Objectives: This paper presents detailed cause-specific data about excess mortality among diabetic persons in Finland, by age and sex.
Methods: Five-year follow-up data on the Finnish population aged 30 through 74 years were analyzed. During these 5 years, 11,215 persons with diabetes and 102,843 persons without diabetes died. The diabetic population was defined as people who were entitled to free medication for diabetes at the beginning of the follow-up period, that is, at the end of 1980.
Results: The relative mortality of persons with drug-treated diabetes compared with nondiabetic persons was higher among women (3.4) than among men (2.4). Almost three quarters of the mortality excess was due to circulatory diseases. For most other causes of death, too, diabetic persons had higher than average mortality. The exceptions were lung cancer, chronic obstructive pulmonary disease, and alcohol poisoning.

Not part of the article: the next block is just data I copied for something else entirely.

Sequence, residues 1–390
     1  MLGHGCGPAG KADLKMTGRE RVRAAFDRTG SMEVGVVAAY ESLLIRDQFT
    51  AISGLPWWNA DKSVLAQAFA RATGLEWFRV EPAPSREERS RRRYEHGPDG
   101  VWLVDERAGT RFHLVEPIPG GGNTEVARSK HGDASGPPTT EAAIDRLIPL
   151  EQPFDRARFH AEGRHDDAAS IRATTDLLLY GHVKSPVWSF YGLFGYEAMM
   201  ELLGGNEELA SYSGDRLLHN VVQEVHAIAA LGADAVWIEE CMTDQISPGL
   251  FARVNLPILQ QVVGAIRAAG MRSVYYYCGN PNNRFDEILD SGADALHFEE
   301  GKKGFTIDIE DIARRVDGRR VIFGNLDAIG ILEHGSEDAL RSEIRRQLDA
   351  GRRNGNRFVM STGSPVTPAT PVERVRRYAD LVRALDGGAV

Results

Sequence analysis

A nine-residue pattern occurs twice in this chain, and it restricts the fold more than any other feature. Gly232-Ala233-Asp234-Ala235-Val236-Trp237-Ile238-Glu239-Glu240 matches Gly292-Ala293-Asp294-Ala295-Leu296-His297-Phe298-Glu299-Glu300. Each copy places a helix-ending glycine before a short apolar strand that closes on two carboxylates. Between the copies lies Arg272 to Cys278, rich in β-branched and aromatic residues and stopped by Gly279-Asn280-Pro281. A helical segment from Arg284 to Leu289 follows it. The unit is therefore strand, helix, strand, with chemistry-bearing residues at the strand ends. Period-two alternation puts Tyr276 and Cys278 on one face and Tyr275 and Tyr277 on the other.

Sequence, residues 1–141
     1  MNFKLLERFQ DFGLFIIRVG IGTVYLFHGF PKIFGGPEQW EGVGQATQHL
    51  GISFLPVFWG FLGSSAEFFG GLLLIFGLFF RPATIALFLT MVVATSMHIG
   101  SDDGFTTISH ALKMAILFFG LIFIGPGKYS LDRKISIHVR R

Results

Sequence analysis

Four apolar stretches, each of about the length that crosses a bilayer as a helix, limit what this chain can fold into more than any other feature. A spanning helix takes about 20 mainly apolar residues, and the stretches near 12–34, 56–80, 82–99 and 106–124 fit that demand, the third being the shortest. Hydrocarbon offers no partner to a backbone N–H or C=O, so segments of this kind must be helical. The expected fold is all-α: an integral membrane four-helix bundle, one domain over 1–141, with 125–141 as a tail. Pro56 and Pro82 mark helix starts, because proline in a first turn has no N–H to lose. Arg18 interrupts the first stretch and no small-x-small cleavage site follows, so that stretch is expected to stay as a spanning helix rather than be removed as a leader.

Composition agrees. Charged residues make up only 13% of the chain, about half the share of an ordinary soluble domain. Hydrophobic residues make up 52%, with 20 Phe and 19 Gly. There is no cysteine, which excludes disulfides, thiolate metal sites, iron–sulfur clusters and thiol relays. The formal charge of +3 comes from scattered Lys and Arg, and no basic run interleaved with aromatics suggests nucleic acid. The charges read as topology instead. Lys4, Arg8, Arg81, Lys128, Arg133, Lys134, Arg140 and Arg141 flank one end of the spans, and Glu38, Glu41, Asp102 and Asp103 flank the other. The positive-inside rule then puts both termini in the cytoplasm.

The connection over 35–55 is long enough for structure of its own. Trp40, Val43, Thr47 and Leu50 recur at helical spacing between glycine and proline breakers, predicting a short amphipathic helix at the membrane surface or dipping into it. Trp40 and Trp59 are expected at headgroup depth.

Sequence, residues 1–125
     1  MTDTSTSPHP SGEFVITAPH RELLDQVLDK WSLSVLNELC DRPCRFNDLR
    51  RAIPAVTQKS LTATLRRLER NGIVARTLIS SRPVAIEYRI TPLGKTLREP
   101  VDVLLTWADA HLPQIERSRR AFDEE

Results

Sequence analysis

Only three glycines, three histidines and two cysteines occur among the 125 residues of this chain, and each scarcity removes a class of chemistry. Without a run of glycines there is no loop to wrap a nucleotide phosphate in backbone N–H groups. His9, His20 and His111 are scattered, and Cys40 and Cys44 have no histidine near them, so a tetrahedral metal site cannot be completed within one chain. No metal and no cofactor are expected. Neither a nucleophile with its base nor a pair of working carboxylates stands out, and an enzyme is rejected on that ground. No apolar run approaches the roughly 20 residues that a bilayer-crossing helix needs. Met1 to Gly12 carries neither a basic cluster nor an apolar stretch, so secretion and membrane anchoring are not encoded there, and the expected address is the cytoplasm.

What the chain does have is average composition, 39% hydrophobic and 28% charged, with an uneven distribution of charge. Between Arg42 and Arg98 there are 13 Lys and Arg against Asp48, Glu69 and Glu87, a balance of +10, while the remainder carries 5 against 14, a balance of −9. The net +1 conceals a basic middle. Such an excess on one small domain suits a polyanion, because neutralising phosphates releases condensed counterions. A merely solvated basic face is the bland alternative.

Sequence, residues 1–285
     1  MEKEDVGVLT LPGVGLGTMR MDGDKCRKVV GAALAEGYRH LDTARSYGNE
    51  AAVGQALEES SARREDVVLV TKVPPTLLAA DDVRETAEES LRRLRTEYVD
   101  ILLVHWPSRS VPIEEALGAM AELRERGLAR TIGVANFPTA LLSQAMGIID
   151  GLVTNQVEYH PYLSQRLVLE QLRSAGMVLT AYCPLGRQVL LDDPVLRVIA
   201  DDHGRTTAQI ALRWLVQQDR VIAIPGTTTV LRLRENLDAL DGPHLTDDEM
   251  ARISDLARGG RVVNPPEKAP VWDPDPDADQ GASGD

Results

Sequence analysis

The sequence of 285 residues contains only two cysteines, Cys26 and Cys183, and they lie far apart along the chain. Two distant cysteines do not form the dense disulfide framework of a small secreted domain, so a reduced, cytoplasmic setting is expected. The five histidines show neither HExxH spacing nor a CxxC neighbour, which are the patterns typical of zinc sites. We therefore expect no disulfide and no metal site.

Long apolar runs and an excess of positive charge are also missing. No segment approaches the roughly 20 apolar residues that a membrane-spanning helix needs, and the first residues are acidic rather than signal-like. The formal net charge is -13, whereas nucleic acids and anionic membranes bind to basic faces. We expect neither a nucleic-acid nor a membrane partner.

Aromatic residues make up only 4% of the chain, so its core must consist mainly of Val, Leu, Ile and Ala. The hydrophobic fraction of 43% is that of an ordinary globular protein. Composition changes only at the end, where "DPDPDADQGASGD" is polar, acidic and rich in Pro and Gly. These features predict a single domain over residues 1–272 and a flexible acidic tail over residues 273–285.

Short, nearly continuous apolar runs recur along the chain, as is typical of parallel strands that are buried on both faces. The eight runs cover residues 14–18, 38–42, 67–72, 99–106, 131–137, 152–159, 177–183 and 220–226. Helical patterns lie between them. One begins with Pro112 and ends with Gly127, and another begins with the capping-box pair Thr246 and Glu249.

Conclusions: Diabetes is a general risk factor for untimely death and makes a significant contribution to overall national death rates, particularly for circulatory diseases. Lower than average mortality from smoking-related diseases and alcohol poisoning, however, warrant optimism about the effects of health education among diabetic persons.